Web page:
Director: Niall MacCormick
Starring: Sebastian Koch, Julia Ormond, Felicity Jones, Peter Vaughan
UK Release date: 14 October 2011
Certificate: 15 (88 mins)
Take a once successful novelist, his nagging wife and intelligent, conscientious daughter. Place in an isolated location, where tourism and dreams of escape are the only major industry. Add a sexually precocious teenager, Emilia (Jessica Brown Findlay). The perfect recipe for a serious, yet heart-warming, British motion picture.
Despite funding by the Isle of Man, Albatross does not paint a cosy picture of the resort: bored youngsters wander the beaches, entertained only by vandalism and casual sex. The hotel ran by the novelist Jonathan (Sebastian Koch) and his wife falls far short of the idyll he conjured in his youthful best-seller: the guests are variously irritated by squawking seagulls and untidy rooms. And the frustration of the married couple – she channels her ambitions into a younger daughter, he pretends to write while watching internet pornography – echoes the dead-end atmosphere that pervades the film.
The script brings together the novelist and the teenager into a torrid affair, uncomfortably presented as a genuine meeting of erotic minds, at least at first. The observations of mundane school and business activity gives way to a dangerous affair. The teenager, believing herself to be a descendant of Arthur Conan Doyle, comes to accept her abilities and recover from the suicide of her mother: the novelist, if not inspired to write again, finds solace in a responsible job.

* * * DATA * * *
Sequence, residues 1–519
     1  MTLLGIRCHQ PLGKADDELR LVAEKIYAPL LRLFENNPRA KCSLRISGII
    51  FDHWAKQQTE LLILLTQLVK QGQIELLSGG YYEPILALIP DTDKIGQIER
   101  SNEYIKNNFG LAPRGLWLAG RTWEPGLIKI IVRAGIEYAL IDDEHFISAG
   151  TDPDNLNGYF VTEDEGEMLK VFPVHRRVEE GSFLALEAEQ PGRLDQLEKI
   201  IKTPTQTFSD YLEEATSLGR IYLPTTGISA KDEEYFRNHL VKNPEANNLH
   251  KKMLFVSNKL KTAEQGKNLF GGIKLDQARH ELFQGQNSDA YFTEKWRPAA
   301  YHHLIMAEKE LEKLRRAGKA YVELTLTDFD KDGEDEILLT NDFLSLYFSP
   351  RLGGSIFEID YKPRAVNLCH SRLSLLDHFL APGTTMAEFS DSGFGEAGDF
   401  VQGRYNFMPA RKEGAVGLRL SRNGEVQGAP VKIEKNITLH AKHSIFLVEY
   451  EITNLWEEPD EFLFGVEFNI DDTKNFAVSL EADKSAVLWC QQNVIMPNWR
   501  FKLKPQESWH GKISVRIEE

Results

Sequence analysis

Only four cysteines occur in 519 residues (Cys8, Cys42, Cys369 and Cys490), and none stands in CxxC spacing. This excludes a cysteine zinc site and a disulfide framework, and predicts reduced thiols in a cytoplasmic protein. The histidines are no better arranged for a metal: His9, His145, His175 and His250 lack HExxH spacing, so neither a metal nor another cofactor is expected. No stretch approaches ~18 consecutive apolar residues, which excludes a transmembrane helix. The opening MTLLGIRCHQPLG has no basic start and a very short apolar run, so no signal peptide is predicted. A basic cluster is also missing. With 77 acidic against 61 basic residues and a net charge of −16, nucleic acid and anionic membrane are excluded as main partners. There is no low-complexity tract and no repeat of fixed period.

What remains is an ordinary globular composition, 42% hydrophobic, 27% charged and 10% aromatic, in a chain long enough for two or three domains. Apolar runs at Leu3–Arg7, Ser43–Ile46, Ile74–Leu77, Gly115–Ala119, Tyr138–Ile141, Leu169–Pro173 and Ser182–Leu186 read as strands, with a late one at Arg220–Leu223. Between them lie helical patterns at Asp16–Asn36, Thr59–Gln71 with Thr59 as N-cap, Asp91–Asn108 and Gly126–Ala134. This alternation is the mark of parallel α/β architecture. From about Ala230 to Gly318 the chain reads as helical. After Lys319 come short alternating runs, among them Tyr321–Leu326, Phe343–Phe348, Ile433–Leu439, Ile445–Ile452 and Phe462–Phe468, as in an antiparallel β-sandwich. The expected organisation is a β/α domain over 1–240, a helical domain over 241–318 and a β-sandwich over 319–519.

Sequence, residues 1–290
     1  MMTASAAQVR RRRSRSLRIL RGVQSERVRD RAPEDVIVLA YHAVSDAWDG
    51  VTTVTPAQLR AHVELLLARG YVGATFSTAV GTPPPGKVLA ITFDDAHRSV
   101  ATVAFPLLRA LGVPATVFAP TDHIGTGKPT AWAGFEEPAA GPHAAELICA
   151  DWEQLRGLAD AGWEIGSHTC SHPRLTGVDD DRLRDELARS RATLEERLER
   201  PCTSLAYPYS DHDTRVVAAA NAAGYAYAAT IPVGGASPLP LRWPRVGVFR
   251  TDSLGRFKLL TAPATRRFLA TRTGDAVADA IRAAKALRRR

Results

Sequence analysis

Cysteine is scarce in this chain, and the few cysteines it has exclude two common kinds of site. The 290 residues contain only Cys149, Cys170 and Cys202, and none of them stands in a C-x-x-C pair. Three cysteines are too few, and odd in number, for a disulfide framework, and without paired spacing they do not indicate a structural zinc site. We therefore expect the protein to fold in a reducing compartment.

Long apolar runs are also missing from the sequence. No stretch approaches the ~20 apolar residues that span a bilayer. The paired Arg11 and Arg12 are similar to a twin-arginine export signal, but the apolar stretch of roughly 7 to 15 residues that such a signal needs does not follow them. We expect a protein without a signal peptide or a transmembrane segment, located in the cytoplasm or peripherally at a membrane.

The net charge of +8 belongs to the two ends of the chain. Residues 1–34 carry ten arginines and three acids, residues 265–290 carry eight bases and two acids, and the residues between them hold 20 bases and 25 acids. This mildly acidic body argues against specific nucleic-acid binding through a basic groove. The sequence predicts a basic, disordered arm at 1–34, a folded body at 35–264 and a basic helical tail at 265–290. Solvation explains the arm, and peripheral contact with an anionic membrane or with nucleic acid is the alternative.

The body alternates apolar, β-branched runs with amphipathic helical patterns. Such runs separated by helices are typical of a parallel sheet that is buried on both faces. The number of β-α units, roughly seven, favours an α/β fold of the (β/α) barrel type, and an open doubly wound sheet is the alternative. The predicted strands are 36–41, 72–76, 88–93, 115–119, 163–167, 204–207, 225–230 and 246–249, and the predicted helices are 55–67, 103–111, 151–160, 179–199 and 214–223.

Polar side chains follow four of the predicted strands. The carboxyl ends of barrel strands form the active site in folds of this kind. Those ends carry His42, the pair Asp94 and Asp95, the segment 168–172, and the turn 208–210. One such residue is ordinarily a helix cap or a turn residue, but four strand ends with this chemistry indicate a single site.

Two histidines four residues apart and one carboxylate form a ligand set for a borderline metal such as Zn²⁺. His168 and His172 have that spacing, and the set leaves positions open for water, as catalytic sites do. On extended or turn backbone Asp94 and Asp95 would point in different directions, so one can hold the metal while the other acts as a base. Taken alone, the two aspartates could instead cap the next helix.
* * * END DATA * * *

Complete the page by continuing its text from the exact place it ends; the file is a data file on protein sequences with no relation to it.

At its heart, the film’s morality is conservative and sentimental. The two teenage girls represent polar opposites: one’s a keen student, who needs to loosen up, the other a wild child who ignores her intellectual brilliance in favour of a sharp wit and brittle invulnerability. Of course, by the end, the naughty husband is punished for his affair, and the two girls have learnt from each other. Structurally, it is a straight-forward morality tale, reminding the audience of human’s potential, if they can only get rid of their albatrosses.
Yet the sparky sexuality of Emilia, and her powerfully erotic union with Jonathan, tells a different story: it is amoral, both observing their passion and imbuing them the only deep connection in the plot. With stereotypes shambling around the screen – the youngest daughter is a cut and paste cute child ballerina, the students at Oxford are posh, effete bores – the awkward characterisation of the lovers is a delightful diversion. Unfortunately, this ensures that the moral resolution is disappointing and forced: a sudden melodrama injected into a broadly light comedy. And the more serious moral issue, where the writer breaks the trust between student and teacher, and effectively seduces a vulnerable child, is ignored.
Although Jessica Brown Findlay gets to steal the show, her supposed best friend Beth (Felicity Jones) is a splendid, if under-used support. The less dramatic, but more interesting narrative of their friendship reveals some nuanced understanding of teenage friendship, before reducing it to a simple exchange of influences. When the final sequence suggest some kind of resolution, it feels trite: the characters may have found their circumstances changed, without any real evidence that they have learnt anything.
Nevertheless, this is an enjoyable slice of life, not caught up in a self-conscious gritty realism and pondering a few moral conundrums lightly. If the stereotyping, and simplistic renditions of the female performers can be ignored, it offers a marginally more subtle and uplifting insight into the tedium of small town Britain.
Visit this film's official web site